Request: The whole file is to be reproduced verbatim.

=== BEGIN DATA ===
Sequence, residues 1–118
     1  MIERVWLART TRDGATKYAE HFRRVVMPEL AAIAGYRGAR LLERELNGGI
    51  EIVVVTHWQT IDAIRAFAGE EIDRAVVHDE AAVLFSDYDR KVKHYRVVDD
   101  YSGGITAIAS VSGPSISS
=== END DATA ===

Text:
Sequence, residues 1–118
     1  MIERVWLART TRDGATKYAE HFRRVVMPEL AAIAGYRGAR LLERELNGGI
    51  EIVVVTHWQT IDAIRAFAGE EIDRAVVHDE AAVLFSDYDR KVKHYRVVDD
   101  YSGGITAIAS VSGPSISS